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#1

in 2011 Upscale Small Cars

Avg. Price Paid: $20,208 - $20,798
Original MSRP: $29,120 - $30,900
MPG: 43 City / 40 Hwy

2011 Lexus CT Hybrid Performance

This performance review was created when the car was new. Some links may no longer point to an active page.

While the 2011 Lexus CT 200h is one of the sportiest hybrid choices, reviewers seem disappointed that the CT 200h isn’t sportier. Compared with the Audi A3 and the powerful BMW 1-Series, the CT 200h just can’t compete as a driver’s car.

Some reviewers cite the CT 200h’s slow acceleration for its lack of sportiness, but most understand that with a total of 134 horsepower the CT 200h isn’t designed to win drag races. In fact, the majority of reviewers complain about numb steering and brake feel, as well as the droning continuously variable transmission (CVT). On the bright side, the CT 200h has some of the highest fuel economy ratings in the class. 

  • "All of the dynamic Lexus hallmarks are present: slightly anesthetized steering, marginally mushy brakes, a bit of body roll and a general lack of enthusiasm for being pushed too hard." -- Autoblog
  • "In the real world, the CT200h offers three driving modes: Eco has a very lazy throttle map, normal is slightly less lethargic, and sport is, well, still sluggish." -- Car and Driver
  • "Despite a slightly stiff suspension (for sportiness, you see), the CT 200h rides nicely over poor-quality pavement, and vibrations are nearly non-existent." -- Motor Trend
  • "Once under way, you'll notice the steering assist varies between Eco and Sport modes, but neither provides much feedback through the wheel." -- Popular Mechanics

Acceleration and Power

Acceleration and power aren’t the 2011 Lexus CT 200h’s strong points. With the same powertrain as the Toyota Prius, the CT 200h has a total net horsepower rating of 134. While many reviewers wish for more power, they tend to understand that in order to attain frugal fuel economy they'll have to settle for less-than-stellar power and acceleration figures. Still, test drivers would like to see some form of manual control over the Lexus’ CVT.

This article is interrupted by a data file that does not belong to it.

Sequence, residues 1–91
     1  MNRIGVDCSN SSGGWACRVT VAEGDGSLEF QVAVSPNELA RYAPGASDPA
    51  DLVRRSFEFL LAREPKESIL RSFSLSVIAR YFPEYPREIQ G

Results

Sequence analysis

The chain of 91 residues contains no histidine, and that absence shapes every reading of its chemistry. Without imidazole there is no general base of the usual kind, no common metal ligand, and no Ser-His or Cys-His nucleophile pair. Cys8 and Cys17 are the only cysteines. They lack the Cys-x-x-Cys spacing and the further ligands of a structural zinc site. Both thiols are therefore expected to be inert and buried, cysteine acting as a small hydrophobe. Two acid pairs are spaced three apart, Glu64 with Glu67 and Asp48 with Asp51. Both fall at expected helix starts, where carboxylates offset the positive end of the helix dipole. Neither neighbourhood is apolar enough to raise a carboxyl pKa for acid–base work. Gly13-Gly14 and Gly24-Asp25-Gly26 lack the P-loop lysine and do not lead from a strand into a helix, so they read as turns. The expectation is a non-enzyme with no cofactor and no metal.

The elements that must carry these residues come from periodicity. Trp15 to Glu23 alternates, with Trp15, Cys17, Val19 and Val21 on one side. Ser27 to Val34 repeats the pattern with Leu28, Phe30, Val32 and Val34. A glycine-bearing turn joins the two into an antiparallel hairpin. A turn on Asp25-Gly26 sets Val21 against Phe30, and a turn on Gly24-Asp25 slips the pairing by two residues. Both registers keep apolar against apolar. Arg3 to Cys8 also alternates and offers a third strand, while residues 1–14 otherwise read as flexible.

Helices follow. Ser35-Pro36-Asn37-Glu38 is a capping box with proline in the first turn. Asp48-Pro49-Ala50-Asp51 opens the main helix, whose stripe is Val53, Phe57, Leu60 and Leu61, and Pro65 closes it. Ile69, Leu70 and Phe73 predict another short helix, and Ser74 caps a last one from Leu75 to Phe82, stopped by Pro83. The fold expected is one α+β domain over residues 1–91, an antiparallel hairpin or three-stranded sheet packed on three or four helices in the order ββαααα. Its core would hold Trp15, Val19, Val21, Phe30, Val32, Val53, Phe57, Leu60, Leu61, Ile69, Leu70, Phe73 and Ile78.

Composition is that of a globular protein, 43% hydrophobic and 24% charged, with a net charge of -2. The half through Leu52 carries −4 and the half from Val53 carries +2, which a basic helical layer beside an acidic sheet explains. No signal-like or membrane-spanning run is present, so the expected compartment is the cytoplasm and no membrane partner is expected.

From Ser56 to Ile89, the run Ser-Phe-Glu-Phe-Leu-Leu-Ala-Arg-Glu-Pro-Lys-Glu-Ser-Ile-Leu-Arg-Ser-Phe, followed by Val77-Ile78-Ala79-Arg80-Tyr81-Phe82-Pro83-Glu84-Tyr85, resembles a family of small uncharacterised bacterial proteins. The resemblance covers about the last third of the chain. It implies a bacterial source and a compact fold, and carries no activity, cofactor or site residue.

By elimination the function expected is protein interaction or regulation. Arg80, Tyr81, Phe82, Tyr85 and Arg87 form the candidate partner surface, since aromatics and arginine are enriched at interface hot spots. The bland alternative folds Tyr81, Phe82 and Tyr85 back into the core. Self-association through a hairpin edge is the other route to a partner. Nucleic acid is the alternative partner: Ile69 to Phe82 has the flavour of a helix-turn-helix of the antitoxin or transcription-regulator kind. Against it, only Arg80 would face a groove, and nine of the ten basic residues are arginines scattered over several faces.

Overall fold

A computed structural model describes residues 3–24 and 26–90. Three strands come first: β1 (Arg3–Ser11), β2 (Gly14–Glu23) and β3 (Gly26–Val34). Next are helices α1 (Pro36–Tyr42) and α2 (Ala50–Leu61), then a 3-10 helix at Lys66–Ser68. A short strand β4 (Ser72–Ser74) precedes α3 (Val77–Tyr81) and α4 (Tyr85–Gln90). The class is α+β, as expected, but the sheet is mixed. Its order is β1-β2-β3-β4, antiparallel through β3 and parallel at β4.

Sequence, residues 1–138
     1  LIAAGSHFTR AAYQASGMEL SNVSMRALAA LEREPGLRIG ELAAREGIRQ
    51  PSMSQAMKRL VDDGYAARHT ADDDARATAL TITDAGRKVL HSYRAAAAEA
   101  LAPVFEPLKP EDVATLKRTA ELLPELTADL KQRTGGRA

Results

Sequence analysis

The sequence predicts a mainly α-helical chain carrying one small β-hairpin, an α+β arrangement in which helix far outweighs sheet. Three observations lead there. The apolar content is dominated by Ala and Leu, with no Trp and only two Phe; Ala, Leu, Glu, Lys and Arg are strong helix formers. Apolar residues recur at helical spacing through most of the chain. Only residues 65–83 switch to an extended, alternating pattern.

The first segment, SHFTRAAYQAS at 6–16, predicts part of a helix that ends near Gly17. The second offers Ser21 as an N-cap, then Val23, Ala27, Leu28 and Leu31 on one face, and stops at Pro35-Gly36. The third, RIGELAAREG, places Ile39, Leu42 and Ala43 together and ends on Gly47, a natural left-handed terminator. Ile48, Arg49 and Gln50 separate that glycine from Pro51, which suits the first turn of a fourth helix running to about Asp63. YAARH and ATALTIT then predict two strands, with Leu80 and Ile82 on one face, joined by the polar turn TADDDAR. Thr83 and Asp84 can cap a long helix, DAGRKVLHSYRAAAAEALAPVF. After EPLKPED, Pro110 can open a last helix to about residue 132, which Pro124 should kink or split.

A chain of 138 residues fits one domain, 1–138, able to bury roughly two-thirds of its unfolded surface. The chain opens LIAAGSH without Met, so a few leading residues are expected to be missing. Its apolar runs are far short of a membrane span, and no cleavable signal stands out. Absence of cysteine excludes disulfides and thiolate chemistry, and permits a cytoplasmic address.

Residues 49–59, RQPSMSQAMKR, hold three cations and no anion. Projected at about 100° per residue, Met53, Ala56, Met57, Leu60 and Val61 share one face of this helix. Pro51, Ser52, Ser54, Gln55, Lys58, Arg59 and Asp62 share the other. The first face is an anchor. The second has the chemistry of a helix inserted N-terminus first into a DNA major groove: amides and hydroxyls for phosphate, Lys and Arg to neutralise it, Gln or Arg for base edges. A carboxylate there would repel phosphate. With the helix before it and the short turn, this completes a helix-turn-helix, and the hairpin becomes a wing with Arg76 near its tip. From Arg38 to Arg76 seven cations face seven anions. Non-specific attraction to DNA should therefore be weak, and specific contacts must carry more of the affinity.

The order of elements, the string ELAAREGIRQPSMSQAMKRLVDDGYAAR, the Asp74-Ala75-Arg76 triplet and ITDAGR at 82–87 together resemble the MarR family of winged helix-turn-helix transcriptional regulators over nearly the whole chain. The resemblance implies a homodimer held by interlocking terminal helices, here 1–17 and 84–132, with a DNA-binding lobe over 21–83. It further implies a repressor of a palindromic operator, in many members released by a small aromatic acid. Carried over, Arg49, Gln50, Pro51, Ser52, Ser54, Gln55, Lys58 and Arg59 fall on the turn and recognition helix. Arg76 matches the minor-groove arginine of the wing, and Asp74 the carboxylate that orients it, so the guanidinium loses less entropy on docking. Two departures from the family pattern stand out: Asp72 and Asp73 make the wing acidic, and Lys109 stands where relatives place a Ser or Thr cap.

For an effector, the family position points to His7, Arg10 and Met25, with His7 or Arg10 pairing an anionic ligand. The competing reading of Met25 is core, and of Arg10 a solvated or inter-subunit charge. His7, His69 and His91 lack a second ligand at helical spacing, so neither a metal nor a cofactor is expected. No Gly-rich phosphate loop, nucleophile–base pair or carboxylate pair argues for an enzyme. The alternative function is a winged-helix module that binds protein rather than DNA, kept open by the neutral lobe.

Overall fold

The EPA rates the CT 200h at 43/40 mpg city/highway.

  • "No paddle shifters are available, there's no way to turn off the electronic stability control, and with 134 total system horsepower, the 3130-pound CT200h rather impassionately drones its way to 60 mph in 9.8 seconds." -- Automobile Magazine
  • "This lowly amount of power has to haul roughly 3200 pounds, so this vehicle is slow." -- Car and Driver
  • "Power is plenty adequate in most situations, but can leave you wanting when passing or climbing hills." -- Motor Trend

Handling and Braking

While the Lexus CT 200h is almost universally acknowledged by the automotive press as being one of the sportiest hybrids, reviewers note that compared with other compact luxury hatchbacks the CT 200h’s handling falls short. Both its steering and brakes are described as numb. 

  • "Although the weight distribution is an admirable (for a front-driver) 60:40 front-to-rear thanks to the packaging and placement of the batteries, relentless understeer is still the order du jour unless you're lifting abruptly mid-bend." -- Autoblog
  • "Like in many hybrids, the brake pedal feels OK on soft applications, but its response to big pedal inputs is abruptly nonlinear." -- Automobile Magazine
  • "We think the CT has a nicely balanced chassis, although it is difficult to tell because the stability control kills the fun before any mirth has a chance to materialize, and there’s little power with which to modulate the car’s cornering attitude." -- Car and Driver
  • "The chassis is difficult to upset and when it does lose composure, it defaults to gradual understeer, at which point the nannies step back in." -- Motor Trend
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